Food & Drink

Clean up these nutrition myths and misconceptions

Spring is (hopefully) just around the corner, and it’s time to throw open the windows, let in some fresh air and do a little spring cleaning. Since March is National Nutrition Month, this is a good time to talk about cleaning up some common nutrition myths and misconceptions.

Here are some comments I often hear in my practice:

1. There are “bad” foods and “good” foods. Food is neither good nor bad, and it’s too simplistic to label it that way. Foods have varying nutritional values. Some are high in calories, so you may need to watch portions. Others are high in sugar, so you need to have them less often and in smaller quantities. Foods like vegetables are loaded with vitamins and minerals and can usually be eaten in larger portions without much issue. Think more in terms of “everyday foods” and “once-in-a-while foods.” That way you aren’t restricting yourself from foods you enjoy; instead, you’re allowing them in smaller portions less often.

2. Fats make you fat or carbs make you fat. I hear both of these. It’s not specifically the fat or the carbohydrates that are the problem. It’s the excess calories, and those calories can come from fat, carbohydrates, proteins and alcohol. If you eat more calories than your body needs, you’ll gain weight.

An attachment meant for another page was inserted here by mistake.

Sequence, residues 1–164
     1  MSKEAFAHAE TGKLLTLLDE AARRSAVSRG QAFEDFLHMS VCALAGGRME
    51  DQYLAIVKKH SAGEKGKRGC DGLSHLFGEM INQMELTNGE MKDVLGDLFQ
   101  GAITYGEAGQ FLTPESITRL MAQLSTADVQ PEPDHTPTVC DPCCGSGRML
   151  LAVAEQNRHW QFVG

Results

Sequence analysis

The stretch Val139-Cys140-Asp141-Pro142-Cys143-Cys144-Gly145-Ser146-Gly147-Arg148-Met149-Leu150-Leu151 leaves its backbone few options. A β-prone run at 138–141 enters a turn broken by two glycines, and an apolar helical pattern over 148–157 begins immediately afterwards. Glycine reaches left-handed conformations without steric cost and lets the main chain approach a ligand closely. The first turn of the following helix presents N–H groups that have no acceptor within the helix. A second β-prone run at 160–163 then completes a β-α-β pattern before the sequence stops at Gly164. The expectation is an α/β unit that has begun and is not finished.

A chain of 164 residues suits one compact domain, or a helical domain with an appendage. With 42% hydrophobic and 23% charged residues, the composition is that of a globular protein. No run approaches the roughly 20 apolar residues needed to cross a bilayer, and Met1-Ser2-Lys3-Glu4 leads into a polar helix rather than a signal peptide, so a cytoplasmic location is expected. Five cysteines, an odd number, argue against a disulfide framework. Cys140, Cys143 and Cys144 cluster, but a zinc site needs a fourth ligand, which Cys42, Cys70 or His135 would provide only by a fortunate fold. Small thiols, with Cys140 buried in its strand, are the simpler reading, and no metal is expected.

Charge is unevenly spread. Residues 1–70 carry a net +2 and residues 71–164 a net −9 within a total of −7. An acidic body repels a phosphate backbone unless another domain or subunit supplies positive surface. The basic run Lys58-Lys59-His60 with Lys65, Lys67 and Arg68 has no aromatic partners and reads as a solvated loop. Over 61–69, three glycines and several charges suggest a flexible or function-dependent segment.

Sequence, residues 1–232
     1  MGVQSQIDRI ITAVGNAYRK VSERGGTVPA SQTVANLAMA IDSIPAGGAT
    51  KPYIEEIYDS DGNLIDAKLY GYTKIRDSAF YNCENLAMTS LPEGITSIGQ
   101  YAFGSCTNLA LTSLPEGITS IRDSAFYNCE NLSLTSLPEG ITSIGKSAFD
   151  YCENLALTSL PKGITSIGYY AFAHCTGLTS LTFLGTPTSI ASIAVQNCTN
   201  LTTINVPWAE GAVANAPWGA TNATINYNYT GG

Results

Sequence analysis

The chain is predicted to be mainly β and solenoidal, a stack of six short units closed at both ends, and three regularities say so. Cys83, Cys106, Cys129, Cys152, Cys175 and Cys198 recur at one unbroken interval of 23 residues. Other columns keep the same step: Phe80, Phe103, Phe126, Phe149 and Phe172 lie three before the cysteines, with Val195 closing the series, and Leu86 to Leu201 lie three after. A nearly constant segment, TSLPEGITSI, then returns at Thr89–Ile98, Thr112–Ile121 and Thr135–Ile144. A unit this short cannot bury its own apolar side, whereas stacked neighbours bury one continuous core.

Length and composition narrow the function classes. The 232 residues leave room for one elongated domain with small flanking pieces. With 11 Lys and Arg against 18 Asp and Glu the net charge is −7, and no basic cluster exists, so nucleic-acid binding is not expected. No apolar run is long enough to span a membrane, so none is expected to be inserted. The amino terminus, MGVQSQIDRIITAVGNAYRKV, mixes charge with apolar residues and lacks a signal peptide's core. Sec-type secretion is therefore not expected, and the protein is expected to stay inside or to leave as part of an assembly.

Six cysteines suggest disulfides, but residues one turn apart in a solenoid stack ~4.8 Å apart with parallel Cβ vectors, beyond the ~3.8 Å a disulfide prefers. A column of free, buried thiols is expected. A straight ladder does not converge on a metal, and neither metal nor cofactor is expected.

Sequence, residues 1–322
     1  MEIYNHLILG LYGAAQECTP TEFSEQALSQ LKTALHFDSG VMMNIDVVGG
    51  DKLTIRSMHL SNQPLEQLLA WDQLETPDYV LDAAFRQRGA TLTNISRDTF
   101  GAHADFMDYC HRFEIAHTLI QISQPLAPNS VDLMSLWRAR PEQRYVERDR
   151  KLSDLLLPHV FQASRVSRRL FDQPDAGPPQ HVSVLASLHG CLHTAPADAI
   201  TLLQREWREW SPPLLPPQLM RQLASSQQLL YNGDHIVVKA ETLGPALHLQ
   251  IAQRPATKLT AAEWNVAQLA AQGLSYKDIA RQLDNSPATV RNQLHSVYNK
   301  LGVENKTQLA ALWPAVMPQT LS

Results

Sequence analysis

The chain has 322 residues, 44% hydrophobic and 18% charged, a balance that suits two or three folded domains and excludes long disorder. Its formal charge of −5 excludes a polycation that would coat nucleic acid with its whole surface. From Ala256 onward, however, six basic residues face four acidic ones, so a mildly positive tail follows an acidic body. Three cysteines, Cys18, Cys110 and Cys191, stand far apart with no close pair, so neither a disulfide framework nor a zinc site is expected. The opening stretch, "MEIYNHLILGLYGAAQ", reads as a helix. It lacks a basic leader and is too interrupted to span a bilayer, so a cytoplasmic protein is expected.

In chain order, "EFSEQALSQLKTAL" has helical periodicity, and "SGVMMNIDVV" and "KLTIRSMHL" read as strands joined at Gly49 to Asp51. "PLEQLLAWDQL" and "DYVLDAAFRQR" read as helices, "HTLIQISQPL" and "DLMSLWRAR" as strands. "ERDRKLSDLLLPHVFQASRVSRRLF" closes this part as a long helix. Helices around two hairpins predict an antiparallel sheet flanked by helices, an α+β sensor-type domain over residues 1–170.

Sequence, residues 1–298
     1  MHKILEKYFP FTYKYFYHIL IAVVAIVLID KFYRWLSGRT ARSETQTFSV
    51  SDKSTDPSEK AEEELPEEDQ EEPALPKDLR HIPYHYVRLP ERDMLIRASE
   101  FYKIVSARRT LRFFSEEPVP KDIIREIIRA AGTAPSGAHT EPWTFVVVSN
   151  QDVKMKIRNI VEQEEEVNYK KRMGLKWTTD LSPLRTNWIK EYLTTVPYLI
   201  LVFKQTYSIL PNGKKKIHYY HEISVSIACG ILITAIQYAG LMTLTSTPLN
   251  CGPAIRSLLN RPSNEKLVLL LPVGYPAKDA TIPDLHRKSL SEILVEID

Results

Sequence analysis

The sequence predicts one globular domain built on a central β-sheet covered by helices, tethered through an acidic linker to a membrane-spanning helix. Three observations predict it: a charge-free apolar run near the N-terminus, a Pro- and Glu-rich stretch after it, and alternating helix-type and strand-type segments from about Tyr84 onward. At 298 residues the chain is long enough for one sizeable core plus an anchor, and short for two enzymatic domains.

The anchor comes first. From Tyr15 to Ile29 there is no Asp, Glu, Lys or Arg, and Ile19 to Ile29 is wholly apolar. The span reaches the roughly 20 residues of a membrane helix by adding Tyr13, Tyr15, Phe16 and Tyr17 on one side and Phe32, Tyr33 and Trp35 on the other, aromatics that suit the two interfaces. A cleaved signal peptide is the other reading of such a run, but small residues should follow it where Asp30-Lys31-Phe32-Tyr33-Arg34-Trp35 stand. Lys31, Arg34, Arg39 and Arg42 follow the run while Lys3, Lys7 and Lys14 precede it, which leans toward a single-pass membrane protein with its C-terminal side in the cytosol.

3. My metabolism is shot … I’ve tried the (insert name of diet here), but I always regain the weight. Americans spend $35 billion – yes, that’s billion – on diet products and books annually. And the fact that people continue to spend money over and over again just shows how futile diets can be. If you’re concerned about your metabolism, you can have your dietitian test it for you. There’s a simple breathing test that determines your resting metabolic rate that can be done right in the office. More often I find that a person’s metabolism is just fine, but the total intake of calories and mix of protein, carbohydrate and fat isn’t right for them. Everyone has a unique metabolic rate, and you need to get a meal plan tailored to your specific needs, health concerns and activity level. A meal plan for someone who exercises three times a week is not the same as the meal plan for someone training for a triathlon, and it’s different from a person who has diabetes.

Check with your insurance. Many plans now cover visits with a registered dietitian/licensed nutritionist so you can get the answers you’ve been looking for and a plan that works for you.

Shelly Wegman is a registered dietitian at Rex Wellness Centers in Raleigh and Garner. Email: shelly.wegman@unchealth.unc.edu.

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